By muzzling salary history conversations, the law removes one of the most common baselines that job seekers and employers have come to rely on, despite the clear downsides—to both parties—of doing so.
"At Unison," says Fadel, "I handle all of the hiring. But if I spend a great deal of time and energy courting a candidate and there wasn’t a mutual salary expectation, I may have wasted a great deal of time, [which] smaller companies can’t afford to lose." And you could argue (though Fadel himself doesn't) that asking for salary requirements as a substitute for salary history leads to more aspirational figures.
That may jack up labor costs for employers—which is basically the point. "The key complaints I’ve heard," says Beth Monaghan, CEO and cofounder of the PR firm InkHouse, "revolve around necessary budget and procedural adjustments to comply with the law. My answer? The evidence is clear that women’s equality is not only the right thing to do, but it’s the right thing for the bottom line."
Monaghan, who is also a board member for the Alliance for Business Leadership, which was one of the earliest proponents of the new law, points out that companies with greater gender diversity have been found to perform better. Citing a Catalyst study, she adds that those with more women board members in particular "have a 53% higher return on equity, a 42% higher return on sales, and a 66% higher return on invested capital. And women-led companies perform three times better than the S&P 500." In other words, closing the gender gap, especially at an organization's upper ranks, more than makes up for any shortfall.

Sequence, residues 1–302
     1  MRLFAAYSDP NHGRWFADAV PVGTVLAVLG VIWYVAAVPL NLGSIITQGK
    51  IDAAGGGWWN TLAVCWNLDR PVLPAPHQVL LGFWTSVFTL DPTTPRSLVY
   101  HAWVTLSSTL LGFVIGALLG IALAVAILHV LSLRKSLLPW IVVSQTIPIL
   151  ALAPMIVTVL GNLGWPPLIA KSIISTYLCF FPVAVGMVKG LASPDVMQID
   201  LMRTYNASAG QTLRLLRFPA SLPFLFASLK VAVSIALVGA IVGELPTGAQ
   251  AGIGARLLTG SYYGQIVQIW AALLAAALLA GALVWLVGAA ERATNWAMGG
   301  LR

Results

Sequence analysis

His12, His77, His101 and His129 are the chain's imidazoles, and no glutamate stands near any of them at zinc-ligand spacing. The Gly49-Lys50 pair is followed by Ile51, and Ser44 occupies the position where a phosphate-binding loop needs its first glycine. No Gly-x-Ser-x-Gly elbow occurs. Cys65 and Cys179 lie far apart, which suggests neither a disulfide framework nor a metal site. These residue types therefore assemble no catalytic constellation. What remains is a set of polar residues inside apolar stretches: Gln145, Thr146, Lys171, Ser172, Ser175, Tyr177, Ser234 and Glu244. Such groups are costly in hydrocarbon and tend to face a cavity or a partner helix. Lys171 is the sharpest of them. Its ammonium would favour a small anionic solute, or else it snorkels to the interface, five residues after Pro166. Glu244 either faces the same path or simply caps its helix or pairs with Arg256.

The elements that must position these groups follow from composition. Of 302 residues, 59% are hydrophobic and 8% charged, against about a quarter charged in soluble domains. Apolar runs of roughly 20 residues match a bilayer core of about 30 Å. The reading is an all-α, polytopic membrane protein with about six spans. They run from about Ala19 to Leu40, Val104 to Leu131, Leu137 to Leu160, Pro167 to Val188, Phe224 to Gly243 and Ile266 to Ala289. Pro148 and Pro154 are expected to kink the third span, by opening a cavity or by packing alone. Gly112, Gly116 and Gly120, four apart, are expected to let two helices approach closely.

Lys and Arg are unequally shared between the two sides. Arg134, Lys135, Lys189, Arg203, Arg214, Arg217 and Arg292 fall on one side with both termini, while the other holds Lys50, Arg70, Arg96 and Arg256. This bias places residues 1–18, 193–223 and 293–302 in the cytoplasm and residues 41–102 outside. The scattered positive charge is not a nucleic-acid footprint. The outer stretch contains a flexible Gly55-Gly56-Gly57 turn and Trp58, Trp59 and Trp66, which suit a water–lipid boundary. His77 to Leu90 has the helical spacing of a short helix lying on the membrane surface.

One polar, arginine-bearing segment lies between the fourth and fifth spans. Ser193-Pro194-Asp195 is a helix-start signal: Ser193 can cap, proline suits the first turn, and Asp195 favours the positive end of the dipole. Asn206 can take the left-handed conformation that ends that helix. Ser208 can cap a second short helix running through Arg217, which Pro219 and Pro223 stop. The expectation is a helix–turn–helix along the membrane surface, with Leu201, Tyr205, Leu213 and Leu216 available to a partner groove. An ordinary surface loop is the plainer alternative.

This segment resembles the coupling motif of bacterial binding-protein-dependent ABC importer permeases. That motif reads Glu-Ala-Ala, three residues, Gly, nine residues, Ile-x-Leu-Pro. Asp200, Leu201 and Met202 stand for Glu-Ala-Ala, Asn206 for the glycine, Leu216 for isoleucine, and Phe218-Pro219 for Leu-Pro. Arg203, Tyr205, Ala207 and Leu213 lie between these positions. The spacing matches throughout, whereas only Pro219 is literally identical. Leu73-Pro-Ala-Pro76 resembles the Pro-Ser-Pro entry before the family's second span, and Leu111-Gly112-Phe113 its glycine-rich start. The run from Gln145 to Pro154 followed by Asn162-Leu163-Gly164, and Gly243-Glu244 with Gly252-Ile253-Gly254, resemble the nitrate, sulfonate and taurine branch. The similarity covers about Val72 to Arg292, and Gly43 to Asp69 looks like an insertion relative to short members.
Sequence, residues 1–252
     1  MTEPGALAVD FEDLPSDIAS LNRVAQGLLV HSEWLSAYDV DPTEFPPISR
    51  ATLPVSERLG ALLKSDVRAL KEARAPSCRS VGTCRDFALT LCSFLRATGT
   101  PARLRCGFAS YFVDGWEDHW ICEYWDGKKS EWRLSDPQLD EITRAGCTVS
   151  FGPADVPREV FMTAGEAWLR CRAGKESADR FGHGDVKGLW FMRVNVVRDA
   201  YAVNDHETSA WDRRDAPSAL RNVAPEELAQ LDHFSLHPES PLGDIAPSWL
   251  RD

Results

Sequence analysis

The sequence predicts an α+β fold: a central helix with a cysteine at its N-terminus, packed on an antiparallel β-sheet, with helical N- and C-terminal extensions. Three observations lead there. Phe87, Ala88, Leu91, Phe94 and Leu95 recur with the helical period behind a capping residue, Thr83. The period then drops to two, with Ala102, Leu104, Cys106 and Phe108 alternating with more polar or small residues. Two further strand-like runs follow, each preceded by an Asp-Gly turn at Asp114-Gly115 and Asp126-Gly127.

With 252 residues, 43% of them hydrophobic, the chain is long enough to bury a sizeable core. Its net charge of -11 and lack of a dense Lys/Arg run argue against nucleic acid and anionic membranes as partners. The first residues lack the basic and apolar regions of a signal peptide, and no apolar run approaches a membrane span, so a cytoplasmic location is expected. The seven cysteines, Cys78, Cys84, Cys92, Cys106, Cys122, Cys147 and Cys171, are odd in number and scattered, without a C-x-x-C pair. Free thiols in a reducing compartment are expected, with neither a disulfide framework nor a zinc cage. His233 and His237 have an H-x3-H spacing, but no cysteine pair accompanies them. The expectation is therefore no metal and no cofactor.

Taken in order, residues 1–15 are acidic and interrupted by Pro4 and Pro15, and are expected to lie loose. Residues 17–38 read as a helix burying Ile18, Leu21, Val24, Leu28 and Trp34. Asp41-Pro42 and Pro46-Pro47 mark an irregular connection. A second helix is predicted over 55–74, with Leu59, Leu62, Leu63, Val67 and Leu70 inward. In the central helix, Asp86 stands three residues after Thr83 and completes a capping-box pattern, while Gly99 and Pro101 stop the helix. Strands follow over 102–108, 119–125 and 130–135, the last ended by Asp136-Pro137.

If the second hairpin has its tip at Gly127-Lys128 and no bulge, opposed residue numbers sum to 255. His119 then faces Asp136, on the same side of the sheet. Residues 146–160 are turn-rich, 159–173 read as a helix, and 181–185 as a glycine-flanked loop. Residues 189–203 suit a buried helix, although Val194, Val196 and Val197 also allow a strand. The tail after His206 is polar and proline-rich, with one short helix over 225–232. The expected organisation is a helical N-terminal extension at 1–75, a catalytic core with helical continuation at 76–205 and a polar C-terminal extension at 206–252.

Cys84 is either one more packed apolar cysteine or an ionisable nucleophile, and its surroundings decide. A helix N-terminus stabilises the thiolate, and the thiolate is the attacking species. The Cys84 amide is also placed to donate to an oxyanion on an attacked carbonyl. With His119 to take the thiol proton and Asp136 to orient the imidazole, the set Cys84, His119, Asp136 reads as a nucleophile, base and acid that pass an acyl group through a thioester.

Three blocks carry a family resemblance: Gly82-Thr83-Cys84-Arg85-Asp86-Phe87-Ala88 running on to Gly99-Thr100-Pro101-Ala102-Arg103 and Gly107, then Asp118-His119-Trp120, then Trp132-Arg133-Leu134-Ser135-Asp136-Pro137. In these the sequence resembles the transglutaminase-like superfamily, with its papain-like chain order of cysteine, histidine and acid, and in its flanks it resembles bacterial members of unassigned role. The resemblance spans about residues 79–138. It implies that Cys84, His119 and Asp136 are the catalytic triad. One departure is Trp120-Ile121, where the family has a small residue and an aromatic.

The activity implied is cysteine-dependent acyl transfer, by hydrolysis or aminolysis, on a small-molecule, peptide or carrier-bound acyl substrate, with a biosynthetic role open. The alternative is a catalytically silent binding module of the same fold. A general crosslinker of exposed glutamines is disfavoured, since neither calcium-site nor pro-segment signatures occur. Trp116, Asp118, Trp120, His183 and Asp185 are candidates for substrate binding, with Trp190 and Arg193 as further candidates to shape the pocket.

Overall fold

In this view, employers that resist equal pay—and with it, gender diversity itself—are cutting off their disproportionately white, male noses to spite their faces, an argument we’ve heard before that may actually oversell the short-term rationale and downplay longer-term benefits that are less often discussed. In any case, the data suggest that Monaghan is right to see Massachusetts legislators as looking out for both job candidates and employers together—because their interests ultimately overlap—even if not everyone sees it that way.
Fadel agrees. "At Unison, in fact, the most senior, highest paid employees are actually all women, which stems from our practice of considering experience over salary." Like many small businesses, Unison is young, founded in 2010. That means many of its staff have worked at much more established companies, where past job titles—and the salaries that come with them—don’t really correspond with the "more unique job duties" typical of Unison’s current positions. Instead, says Fadel, "we look to compensate employees based on their contributions to our firm today, as opposed to their historical, more standardized job descriptions of the past."
"Given Massachusetts’s track record as a leader in many of the country’s hot-button issues, including gay marriage, health insurance, and transgender rights," says Baer, "I expect that many states and perhaps the U.S. Congress will adopt similar laws within the next two to five years."
She points out that there’s been some movement in this direction at the federal level already, with the Equal Employment Opportunity Commission’s recent proposal to require employers of 100 workers to break down their wage and salary data by gender, race, and ethnicity starting next year.
The outcome of the presidential election may not even make a huge difference in the overall progress of equal pay legislation, Baer says. Since momentum is picking up at the state level, "it will likely become increasingly hard for politicians of either party to push back on equal pay policies." And if Massachusetts proves the bellwether on these new provisions that it's been on others, there may come a day when all U.S. workers will get to say what they think they're worth, not what their past employer does.